First of all, it’s not a supercomputer. It’s a commercial system – or rather, a bunch of commercial systems lashed together for parallel processing purposes. The hardware is readily available POWER-based gear that can run either IBM’s AIX Unix operating system or Linux.

  • Audiocasts/Shows

    • The Linux Link Tech Show Episode 391
    • Podcast Season 3 Episode 4

      In this episode: Microsoft and Nokia form an alliance and the GPLv3 might not be welcome on Windows Phone. Canonical gets controversial with Banshee while openSUSE and Fedora users might have to wait for Unity. Hear our discoveries, our limited success with the challenge, and your own opinions in our Open Ballot.

  • Ballnux

  • Kernel Space

    • Geek Time with Jim Zemlin

      Jim Zemlin is the Executive Director of the Linux Foundation, and earlier this month he sat down with the Open Source Programs Office’s Jeremy Allison for a chat about the future of Linux. In addition to talking about the future, Jim shares insights on the history and significance of Linux.

    • Stable kernel
    • Linux

      I’m announcing the release of the kernel.

    • Intel announces a BIOS Implementation Test Suite (BITS)

      Intel is pleased to announce the BIOS Implementation Test Suite (BITS), a bootable pre-OS environment for testing BIOSes and in particular their initialization of Intel processors, hardware, and technologies. BITS can verify your BIOS against many Intel recommendations. In addition, BITS includes Intel’s official reference code as provided to BIOS, which you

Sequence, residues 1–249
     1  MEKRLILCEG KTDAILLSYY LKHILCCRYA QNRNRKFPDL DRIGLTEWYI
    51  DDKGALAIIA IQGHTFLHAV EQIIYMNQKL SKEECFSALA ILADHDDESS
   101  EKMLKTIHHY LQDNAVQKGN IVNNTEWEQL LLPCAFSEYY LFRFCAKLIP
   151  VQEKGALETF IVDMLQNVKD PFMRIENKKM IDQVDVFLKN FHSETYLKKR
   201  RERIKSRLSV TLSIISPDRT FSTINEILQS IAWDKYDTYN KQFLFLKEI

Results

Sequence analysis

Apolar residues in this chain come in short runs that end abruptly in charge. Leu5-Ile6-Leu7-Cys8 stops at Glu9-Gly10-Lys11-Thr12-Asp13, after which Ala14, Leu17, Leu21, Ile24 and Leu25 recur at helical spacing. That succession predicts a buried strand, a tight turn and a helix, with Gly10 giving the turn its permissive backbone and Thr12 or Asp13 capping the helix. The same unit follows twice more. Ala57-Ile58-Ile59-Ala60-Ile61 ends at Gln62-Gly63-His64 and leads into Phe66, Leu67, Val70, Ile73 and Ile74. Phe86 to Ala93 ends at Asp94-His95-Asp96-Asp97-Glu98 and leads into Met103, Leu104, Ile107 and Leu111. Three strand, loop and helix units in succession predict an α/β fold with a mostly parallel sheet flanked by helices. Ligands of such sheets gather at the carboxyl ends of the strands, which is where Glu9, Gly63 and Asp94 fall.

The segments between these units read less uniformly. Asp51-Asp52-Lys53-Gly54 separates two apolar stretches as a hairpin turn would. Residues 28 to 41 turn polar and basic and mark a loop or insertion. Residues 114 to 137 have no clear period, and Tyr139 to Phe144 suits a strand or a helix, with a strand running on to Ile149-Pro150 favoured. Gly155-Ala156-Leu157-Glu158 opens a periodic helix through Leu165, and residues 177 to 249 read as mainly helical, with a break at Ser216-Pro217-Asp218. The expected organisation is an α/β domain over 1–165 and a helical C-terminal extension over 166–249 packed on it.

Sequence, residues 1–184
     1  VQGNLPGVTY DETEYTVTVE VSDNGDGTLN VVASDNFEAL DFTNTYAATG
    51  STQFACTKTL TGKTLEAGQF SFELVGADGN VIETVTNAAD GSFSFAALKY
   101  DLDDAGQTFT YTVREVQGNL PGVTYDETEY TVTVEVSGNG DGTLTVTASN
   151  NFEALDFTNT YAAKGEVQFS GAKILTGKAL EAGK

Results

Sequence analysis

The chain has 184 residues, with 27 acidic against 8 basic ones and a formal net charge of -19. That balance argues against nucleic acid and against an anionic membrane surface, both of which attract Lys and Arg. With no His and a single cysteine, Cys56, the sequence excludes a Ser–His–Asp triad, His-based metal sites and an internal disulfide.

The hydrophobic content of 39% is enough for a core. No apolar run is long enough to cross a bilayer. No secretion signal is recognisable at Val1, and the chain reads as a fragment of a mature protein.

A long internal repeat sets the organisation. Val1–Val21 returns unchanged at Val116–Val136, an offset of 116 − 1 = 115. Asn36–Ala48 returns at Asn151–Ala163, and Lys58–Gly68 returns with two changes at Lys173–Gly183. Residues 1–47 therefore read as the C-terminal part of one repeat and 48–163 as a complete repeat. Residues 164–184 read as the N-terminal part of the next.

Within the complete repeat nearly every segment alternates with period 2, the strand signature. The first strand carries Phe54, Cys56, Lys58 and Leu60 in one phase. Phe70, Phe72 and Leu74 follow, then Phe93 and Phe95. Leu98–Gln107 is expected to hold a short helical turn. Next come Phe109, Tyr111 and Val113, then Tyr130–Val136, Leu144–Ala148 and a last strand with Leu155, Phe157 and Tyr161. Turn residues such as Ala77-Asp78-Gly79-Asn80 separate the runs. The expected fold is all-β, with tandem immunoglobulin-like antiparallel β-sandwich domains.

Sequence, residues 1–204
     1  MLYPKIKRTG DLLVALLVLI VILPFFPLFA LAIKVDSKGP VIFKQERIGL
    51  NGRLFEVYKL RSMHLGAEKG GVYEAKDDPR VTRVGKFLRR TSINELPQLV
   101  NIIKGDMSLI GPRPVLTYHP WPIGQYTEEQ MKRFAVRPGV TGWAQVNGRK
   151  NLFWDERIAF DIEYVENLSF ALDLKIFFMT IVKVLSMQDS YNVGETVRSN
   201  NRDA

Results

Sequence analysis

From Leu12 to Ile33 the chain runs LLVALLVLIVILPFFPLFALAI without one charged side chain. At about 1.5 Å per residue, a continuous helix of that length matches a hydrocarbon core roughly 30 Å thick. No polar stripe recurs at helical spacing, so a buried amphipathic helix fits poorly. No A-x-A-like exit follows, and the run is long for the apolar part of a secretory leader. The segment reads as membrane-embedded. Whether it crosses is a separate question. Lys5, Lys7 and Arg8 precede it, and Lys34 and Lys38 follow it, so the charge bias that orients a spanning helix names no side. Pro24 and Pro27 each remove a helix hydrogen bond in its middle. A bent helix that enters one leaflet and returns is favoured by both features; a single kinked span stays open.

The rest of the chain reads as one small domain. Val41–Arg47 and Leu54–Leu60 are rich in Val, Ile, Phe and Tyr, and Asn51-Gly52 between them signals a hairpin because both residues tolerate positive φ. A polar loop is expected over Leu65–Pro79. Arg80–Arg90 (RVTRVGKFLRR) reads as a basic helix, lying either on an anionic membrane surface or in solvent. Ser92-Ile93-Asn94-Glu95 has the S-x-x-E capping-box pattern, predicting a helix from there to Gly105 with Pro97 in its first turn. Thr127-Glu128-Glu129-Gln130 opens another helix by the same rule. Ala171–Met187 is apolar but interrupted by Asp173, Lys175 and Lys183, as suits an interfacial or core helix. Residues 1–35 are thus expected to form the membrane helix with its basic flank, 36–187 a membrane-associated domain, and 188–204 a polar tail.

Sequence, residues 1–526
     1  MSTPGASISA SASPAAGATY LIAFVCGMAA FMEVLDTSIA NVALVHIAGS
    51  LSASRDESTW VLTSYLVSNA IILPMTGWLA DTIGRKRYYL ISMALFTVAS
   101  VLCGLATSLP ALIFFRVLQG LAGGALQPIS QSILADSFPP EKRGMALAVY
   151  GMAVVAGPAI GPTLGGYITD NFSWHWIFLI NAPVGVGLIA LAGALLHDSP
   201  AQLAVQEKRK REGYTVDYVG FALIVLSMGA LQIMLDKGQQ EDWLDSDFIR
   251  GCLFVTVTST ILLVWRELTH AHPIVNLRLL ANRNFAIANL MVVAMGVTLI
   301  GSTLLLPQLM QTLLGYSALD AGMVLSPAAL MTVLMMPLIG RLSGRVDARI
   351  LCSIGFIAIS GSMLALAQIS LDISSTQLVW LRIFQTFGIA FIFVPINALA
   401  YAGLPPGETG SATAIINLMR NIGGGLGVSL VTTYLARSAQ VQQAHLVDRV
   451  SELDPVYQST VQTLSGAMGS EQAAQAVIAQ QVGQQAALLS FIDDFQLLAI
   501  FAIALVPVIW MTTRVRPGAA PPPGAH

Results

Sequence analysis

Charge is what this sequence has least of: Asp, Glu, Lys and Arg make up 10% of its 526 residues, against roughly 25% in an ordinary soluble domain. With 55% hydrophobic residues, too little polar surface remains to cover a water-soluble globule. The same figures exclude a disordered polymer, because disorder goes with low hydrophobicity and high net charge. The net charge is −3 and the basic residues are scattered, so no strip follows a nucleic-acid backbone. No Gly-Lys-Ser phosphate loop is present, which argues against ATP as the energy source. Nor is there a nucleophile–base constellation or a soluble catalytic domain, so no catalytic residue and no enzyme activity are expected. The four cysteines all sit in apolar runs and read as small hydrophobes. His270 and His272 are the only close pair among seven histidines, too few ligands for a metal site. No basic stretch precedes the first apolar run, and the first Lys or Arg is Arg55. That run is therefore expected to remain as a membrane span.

can use to override your BIOS’s hardware initialization with a known-good configuration, and then boot an OS.

    • Intel Releases BIOS Implementation Test Suite
    • Kernel Log: Coming in 2.6.38 (Part 3) – Network drivers and infrastructure

      Kernel version 38 will offer a new meshing implementation, loads of new and improved LAN and Wi-Fi drivers, plus various minor changes that promise to improve the network subsystem’s performance.

    • The debloat-testing kernel tree
    • Graphics Stack

      • Intel Is Still Working On G45 VA-API Video Acceleration

        This is nice to see Intel is actually working on support still for these older-generations of Intel graphics processors, but it’s already long overdue. This quarter we do know Intel is expected to deliver VA-API accelerated video encoding support for Sandy Bridge, which should be quite interesting, if it is delivered on time.

      • Scheiße! RandR 1.4 Gets Yanked From X Server 1.10